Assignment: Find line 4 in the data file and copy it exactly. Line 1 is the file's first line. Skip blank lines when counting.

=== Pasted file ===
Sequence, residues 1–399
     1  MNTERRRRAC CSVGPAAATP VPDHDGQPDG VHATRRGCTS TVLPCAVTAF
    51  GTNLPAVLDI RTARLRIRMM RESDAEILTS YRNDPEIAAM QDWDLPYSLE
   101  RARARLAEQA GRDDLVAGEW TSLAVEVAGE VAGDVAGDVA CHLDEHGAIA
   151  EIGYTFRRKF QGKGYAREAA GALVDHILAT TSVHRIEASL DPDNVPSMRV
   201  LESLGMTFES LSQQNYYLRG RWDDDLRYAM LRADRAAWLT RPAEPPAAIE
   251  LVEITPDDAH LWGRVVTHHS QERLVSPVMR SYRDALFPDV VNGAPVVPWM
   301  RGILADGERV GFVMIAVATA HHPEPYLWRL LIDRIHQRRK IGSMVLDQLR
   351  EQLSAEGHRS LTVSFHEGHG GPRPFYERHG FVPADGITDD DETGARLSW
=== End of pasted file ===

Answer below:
   101  RARARLAEQA GRDDLVAGEW TSLAVEVAGE VAGDVAGDVA CHLDEHGAIA